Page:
Something revolutionary is being developed. For the first time the fans will be truly involved in a motorsport project. The legendary Brabham family plans a return to the race track by building a LMP2 prototype and their aim is to race in the all-electric Formula E (Matthew Brabham is already test driver for Andretti) or Formula 1 in the near future. Nothing revolutionary here, but their plans to use the crowd influencing their decision making and to build a platform to show what’s going on behind the scenes, to inspire and to educate the crowd has not been done like this before.
Most top level racing series find it difficult to present themselves online. They’re only pushing content and don’t bother to answer questions. Formula E goes one step further by initiating ‘FanBoost’, where the top three drivers with the most online votes can use a ‘power boost’ during the race. They bravely entered a new path and were instantly labelled as ‘social’ , but almost no online interaction is taking place. It is up to the racing teams and drivers to make a difference: to share what they are doing behind the scenes, to share their comments and multimedia and to answer questions. That’s the least what needs to be done. A few are doing a very good job like some of the Formula 1 teams.
But Brabham is re-inventing the digital platform for racing enthusiasts. They are planning to take the fan experience to a whole new level. They will appeal three groups of people: racing fans, drivers and engineers. “Brabham-Digital is the online portal through which we will share knowledge and behind-the-scenes action with you. It’s a content hub, knowledge sharing platform, forum for the community, race-day “second screen” to provide an additional perspective on the race, e-learning platform and voting mechanism all rolled into one,” it reads.
Fans: We will share everything from our search for an investor, driver selection and building our premises, right up to the first car build, test and race. On race weekends Brabham-Fan will become the gateway for live telemetry, behind-the-scenes footage, radio communications and even critical race strategy.
Driver: This is for those who desire to know what it takes, technically and professionally, to become the ultimate racing driver. This online training course will include modules such as: understanding the car and advice around set-up, post-race and testing debriefs, media training and advice from nutritional experts and sports psychologists.
Engineers: It contains online training on what it takes to reach the pinnacle of motorsport engineering. Project challenges will cover all aspects of aerodynamics, CFD, suspension geometry and gearboxes, where members can get involved in the development of specific parts or even a future Brabham prototype, with certification of their achievements.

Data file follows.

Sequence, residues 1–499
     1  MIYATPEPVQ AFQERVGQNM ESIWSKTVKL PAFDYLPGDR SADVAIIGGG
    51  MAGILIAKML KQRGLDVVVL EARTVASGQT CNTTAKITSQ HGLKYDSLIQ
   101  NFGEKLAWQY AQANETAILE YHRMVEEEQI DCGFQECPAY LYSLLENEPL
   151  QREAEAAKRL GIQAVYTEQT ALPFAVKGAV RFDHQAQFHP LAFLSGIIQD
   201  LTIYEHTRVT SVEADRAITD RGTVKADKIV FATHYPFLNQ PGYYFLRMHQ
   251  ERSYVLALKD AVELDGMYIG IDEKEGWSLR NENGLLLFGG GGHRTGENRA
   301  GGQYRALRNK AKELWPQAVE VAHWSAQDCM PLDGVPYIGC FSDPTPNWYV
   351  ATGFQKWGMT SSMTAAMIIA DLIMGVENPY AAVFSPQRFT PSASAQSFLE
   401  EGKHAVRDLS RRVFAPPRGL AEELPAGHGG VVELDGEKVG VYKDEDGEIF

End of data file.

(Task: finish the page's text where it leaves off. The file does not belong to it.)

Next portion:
Interesting and appealing, isn’t it?!
Brabham wants to crowdfund the LMP2 programme and digital platform to raise initially £250,000. Exceeding this target would allow the team to start building the online platform as soon as possible. To have a car racing in the FIA WEC, including Le Mans 24 Hours, they have budgeted close to £8 million.
Why are they initiating this? Brabham believes it makes a long-term investment more likely and more sustainable, makes sponsorship more attractive to brands as it will have a loyal fan base and it involves fans more than ever.
“We have endured a long and testing journey to protect and bring the Brabham name back under the family’s control, then decide the next step in the journey of this iconic brand. I have long dreamt of seeing the Brabham Racing team back out on the track, winning at the highest level and continuing the legacy my father laid down when he first started the team in the Sixties,” David Braham knows.
He continues: “Crowdfunding gives people the chance to be part of the team from the start. Once we have built a large community we will start to see the power of a collective force that will attract the funds and partners to make this journey a success. Come and join us and create another piece of history.”
Want to be part of it? Check their project on Indiegogo.
In 1966, Sir Jack Brabham became the first – and only – driver in history to win a Formula 1 World Championship in a car of his own name and manufacture, eventually winning three F1 crowns. Denny Hulme continued the team’s success in the following year and Nelson Piquet claimed two further driver titles in ’81 and ’83.
There hasn’t been a Brabham team for over twenty years, but now the famous name is ready to embark on its next journey.